When it comes to surviving a plague of infectious zombies, there is safety in numbers. And failing that...run like a bat out of hell.
“You need to build a defensive ring around the source of any attack to overpower the zombies with numbers, because if you miss that chance they will just overpower everyone as long as they have contact with a population,” warns Professor Greg Foliente, Deputy Director of the University of Melbourne’s Centre for Disaster Management and Public Safety (CDMPS).
“Alternatively, if you have enough warning, disperse as fast as you can.”
Professor Foliente and his CDMPS colleagues are usually spatial modelling to forecast the impact of disasters like floods and bushfires – these models break down populations and areas into smaller zones to map what might happen on the ground during a disaster.
So, when Xbox wanted to promote its new zombie game State of Decay 2 by simulating zombie outbreaks in Australian and New Zealand cities, they naturally called up Professor Foliente.
“At first, I thought it was a crazy idea, but I’ve always been interested in epidemiology and applying our spatial modelling if there is an infectious disease outbreak, so I thought about it and we gave it a go.”
They found that zombie outbreaks in larger cities have a greater chance of being contained so long as the citizens band together to fight it out. But in lower density areas, there just aren’t enough people to fight back effectively; there are, however, enough of us for the zombies to feed on and continue to spread.
While big cities like Sydney and Melbourne suffered a large number of infections – more than 200,000 within six days – the rates of infection were highest in smaller cities like Perth and Auckland, flattening out at 6 per cent within the first 360 hours.
That compares with an infection rate in Sydney stabilising at just over 3 per cent. In a small city like Queenstown in New Zealand, the infection rate just keeps rising until the population is completely overpowered.
“It shows what spatial simulation modelling can do,” says Professor Foliente. “With this exercise we can learn the nature of propagation of an outbreak based on current knowledge and assumptions, and by doing that we can learn the best defence by simulating different scenarios.”
Professor Foliente and his colleague Dr Yiquen Chen, used a model developed by Cornell University researchers in 2015 called the SZR (Susceptible-Zombie-Removed) that was developed to test out modelling techniques for zombie attacks and compare them with traditional models for the spread of diseases.
Some of the assumptions of the SZR model include:
- A zombie bite is enough to infect a human
- In a one-on-one encounter a zombie is more likely to bite a human than be killed
- Zombies can only walk or run. They can’t drive cars, ride a bike, catch a train, etc
- Humans stay in their locale rather than flee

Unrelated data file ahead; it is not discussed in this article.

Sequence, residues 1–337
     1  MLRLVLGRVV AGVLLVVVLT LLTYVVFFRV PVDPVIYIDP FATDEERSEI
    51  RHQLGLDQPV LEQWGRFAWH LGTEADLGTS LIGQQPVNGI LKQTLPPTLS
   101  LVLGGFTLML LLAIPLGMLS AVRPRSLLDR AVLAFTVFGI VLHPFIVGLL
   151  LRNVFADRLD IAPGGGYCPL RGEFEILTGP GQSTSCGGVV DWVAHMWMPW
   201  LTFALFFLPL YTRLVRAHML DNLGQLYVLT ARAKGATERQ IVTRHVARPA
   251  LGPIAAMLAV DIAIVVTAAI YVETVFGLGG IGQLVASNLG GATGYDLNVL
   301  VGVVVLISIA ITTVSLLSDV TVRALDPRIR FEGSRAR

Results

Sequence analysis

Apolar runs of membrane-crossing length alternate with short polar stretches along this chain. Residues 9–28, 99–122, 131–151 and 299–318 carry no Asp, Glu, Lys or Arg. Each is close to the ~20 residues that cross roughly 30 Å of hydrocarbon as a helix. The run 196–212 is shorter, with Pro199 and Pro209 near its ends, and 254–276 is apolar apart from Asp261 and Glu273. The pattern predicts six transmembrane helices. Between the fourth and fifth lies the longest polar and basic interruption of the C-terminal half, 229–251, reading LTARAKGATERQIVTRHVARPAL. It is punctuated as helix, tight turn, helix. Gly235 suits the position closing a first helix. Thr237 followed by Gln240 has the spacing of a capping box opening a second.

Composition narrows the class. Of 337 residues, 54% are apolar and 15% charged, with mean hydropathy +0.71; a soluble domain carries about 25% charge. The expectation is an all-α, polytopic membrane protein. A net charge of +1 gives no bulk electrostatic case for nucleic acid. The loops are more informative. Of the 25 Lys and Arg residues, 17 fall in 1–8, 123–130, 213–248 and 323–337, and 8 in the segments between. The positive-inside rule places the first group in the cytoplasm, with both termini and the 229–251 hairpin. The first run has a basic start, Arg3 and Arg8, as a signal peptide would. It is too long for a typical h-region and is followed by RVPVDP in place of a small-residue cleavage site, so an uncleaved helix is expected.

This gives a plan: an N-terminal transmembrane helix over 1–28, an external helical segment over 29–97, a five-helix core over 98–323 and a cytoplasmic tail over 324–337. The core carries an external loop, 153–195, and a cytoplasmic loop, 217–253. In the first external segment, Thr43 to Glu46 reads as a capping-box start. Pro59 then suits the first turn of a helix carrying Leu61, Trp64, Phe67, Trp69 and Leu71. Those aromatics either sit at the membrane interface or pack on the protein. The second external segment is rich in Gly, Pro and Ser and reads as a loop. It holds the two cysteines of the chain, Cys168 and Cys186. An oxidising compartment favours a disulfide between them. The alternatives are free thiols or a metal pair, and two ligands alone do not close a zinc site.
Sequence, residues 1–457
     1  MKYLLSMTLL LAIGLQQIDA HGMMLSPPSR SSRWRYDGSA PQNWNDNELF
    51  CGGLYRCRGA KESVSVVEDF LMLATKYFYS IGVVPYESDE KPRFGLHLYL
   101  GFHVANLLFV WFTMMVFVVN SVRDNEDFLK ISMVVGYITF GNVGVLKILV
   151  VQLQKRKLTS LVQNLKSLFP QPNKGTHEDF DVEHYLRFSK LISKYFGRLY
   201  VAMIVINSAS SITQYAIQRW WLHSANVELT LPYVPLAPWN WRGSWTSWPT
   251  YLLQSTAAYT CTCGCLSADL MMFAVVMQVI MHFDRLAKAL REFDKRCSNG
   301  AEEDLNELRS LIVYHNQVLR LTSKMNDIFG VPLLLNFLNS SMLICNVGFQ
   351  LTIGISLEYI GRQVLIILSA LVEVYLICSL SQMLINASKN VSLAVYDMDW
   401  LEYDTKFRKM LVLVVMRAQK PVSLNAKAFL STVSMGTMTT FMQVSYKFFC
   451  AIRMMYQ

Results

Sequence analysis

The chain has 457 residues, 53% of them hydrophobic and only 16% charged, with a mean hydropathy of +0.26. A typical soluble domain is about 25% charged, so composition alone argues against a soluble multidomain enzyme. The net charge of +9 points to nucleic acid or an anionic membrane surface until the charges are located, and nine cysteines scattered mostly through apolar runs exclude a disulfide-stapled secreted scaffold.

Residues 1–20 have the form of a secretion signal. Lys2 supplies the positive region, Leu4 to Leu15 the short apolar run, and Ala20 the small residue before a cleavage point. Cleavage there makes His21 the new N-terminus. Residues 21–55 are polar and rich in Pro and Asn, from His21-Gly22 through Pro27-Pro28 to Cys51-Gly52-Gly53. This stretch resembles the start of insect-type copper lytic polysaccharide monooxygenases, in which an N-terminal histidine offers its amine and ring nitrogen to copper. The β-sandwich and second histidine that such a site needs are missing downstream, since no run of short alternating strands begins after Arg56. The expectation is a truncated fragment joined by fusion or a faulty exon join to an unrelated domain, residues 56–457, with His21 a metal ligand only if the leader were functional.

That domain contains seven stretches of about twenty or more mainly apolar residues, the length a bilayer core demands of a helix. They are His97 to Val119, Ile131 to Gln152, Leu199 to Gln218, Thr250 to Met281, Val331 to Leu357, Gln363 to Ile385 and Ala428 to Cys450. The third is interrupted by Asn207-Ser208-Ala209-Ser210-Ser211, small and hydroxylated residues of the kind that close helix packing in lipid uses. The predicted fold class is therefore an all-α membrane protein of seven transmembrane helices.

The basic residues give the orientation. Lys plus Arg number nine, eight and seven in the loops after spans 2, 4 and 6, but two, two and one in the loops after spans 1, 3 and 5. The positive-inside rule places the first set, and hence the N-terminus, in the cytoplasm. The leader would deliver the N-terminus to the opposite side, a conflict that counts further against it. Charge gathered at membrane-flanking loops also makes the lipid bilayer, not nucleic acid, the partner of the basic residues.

We are weirdly fascinated by zombies – reanimated dead people who are very far from being pleasant, or even that animated. Through movies and TV shows like World War Z or The Walking Dead they have become a cult phenomenon, spawning festivals and even running apps where joggers are goaded to go faster by the threat of walking corpses.
But epidemiologists love them too as an engagement tool for modelling outbreaks.
The US Centres for Disease Control and Prevention has enthusiastically embraced zombies as a tool to get people thinking about how to prepare for a major emergency. That is despite having its building blown up in an episode of The Walking Dead.
One of the CDC’s helpful recommendations includes “plan your evacuation route. When zombies are hungry they won’t stop until they get food (i.e. brains), which means you need to get out of town fast!”
In their modelling, the CDMPS researchers used different scenarios based on where a zombie outbreak might start.
They assumed that in Australia, being an island, zombies are more likely to enter through airports or sea ports.
They found that when it comes to zombies with air tickets, you are better off being in Sydney rather than Melbourne because the airport there is in a dense population area which will have a better chance of fighting back and containing the outbreak.
Zombies arriving at Melbourne’s Tullamarine airport are more likely to overwhelm the sparser surrounding population and successfully spread into the city.
However, zombie stowaways landing at the port of Geelong will run out of people to eat before they can spread the 65 kilometres to Melbourne.
Wherever a zombie outbreak starts, Professor Foliente says that just like any infectious disease outbreak, the sooner we discover it and react, the better.
Regardless of the population density or geography, how humans react in the first 12 hours is very important.
“Early detection is important, and if contained immediately by people overpowering and killing zombies when they are few in numbers, then the urban population will be saved. Otherwise it is just a matter of time before they completely takeover.”
Maybe we need to start work on a vaccine.
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